May 28, 2024

Hershey’s bitter ending to 2023 shows innovation will be key to success in 2024, says analyst

Hershey (HSY) investors are hoping for a sweeter 2024.

The candy giant is ending the year on a sour note after shares hit a new two-year low this week, down 21% compared to a year ago.

The chocolate maker was singing a different tune earlier this year, as its shares hit an all-time high in May. Its stock is down 34% since then, as fears over commodity inflation, pricing power, volume decline, and fierce competition continue to grow.

Overall, the Consumer Staples Select Sector (XLP) index is down roughly 5% over the past year, compared to the S&P 500’s (^GSPC) 25% gain.

Following a meeting with Hershey executives, JP Morgan analyst Ken Goldman said the tone of the company was not confidence-inspiring.

“We emerged incrementally more cautious about Q4 2023 and next year … and we are starting to think that consensus’ estimate for a flattish gross margin next year is highly optimistic,” Goldman wrote in a note to clients.

Hershey reiterated its 2023 full-year outlook last quarter. It expects net sales growth of roughly 8%, earnings per share growth of 13%-15%, and adjusted earnings per share growth of 11%-12%.

Hershey's chocolate packaging are seen in a shop in United Arab Emirates on November 24, 2023. (Photo by Jakub Porzycki/NurPhoto via Getty Images)

Hershey’s chocolate in a shop in United Arab Emirates on Nov. 24, 2023. (Jakub Porzycki/NurPhoto via Getty Images) (NurPhoto via Getty Images)

Higher prices for two much-needed ingredients — sugar and cocoa — aren’t helping its outlook.

Sugar prices have been on a roller coaster, even though they’re coming down. Sugar futures (SB=F) are up nearly 4% compared to a year ago, after jumping 40% year over year in early November.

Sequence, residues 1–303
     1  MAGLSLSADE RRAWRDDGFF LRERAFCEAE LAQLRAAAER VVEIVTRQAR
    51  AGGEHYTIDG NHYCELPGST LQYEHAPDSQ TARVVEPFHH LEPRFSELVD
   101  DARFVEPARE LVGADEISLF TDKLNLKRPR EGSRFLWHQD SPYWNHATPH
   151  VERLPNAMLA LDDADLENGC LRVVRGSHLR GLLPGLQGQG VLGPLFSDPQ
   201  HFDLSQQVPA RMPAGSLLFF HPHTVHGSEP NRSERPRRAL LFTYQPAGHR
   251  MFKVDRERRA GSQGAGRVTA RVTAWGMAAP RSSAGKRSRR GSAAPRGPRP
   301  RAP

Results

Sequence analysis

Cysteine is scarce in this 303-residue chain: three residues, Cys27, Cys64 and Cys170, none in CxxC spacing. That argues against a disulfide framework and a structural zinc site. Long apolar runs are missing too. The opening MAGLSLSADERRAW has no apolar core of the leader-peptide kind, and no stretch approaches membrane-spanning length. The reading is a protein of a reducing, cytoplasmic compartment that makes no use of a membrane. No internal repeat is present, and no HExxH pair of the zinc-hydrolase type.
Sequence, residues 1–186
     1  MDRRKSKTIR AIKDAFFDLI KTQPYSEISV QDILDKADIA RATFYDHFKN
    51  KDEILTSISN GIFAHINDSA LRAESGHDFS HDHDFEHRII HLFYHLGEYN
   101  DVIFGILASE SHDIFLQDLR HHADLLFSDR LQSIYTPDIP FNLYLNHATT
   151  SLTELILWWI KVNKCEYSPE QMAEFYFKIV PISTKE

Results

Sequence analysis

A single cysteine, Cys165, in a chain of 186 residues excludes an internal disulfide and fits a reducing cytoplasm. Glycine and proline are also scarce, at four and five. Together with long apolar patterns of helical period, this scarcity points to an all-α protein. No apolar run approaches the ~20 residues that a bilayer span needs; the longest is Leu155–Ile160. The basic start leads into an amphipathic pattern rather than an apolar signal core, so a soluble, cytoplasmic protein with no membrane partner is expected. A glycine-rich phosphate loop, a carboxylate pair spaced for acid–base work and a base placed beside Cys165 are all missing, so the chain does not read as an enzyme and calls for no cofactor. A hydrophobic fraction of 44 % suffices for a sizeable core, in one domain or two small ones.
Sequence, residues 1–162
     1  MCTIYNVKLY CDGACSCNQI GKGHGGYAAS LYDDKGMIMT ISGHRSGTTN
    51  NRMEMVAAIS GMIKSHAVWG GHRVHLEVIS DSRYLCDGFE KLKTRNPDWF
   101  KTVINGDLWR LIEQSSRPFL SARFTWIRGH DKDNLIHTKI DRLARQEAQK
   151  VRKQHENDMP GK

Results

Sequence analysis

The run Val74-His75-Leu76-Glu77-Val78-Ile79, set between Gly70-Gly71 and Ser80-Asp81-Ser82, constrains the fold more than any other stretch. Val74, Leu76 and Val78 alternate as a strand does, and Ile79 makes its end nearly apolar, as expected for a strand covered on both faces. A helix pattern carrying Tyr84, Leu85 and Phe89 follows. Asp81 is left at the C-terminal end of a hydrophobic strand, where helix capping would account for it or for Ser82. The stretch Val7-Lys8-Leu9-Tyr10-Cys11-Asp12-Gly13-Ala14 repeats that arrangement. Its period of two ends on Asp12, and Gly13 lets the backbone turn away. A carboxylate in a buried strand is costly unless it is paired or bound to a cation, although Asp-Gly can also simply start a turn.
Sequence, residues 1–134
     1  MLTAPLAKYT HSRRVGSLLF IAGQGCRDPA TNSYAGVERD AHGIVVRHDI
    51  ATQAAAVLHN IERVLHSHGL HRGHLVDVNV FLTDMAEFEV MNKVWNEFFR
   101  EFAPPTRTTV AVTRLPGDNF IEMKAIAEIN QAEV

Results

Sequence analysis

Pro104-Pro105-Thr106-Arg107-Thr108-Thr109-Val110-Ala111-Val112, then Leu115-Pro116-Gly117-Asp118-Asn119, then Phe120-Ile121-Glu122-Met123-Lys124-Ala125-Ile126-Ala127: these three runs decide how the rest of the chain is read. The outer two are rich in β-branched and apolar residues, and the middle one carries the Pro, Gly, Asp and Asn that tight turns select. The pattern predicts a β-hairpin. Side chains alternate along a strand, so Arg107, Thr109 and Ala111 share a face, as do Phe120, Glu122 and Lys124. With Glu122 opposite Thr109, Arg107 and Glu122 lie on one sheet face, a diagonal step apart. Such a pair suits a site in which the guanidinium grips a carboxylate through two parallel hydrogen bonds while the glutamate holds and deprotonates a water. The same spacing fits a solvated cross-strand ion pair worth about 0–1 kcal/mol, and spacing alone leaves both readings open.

“There has been volatility, especially with the weather patterns,”Andraia Torsiello, Mintec US sugar analyst, told Yahoo Finance over the phone, adding that “supply availability has improved year over year.”

Supply outlook is looking brighter in Brazil. India, another major producer, is recovering as well after the government “instructed mills to focus on sugar production rather than ethanol,” as unfavorable weather conditions resulted in poor crops this year.

And in the US, sugar beet harvest hit a record high in 2023.

Cocoa prices could offset that savings as a warmer weather pattern, known as El Niño, drifts over Asia. Cocoa futures (CC=F) are up roughly 65% compared to last year.

Goldman wrote Hershey said in its meeting that “the amount of cocoa inflation has been extraordinary.”

Irregular weather patterns have limited cocoa exports from India, as it focuses on domestic consumption, and Thailand’s supply will be short as well, David Branch of Wells Fargo told Yahoo Finance over the phone.

Branch expects the El Niño pattern to last through Q1 of 2024 and maybe the second half of 2024.

While Hershey CEO Michele Buck said in a call with investors that the company has “pricing and productivity” that can help offset the rising costs, the company’s comments to Goldman gave the analyst pause.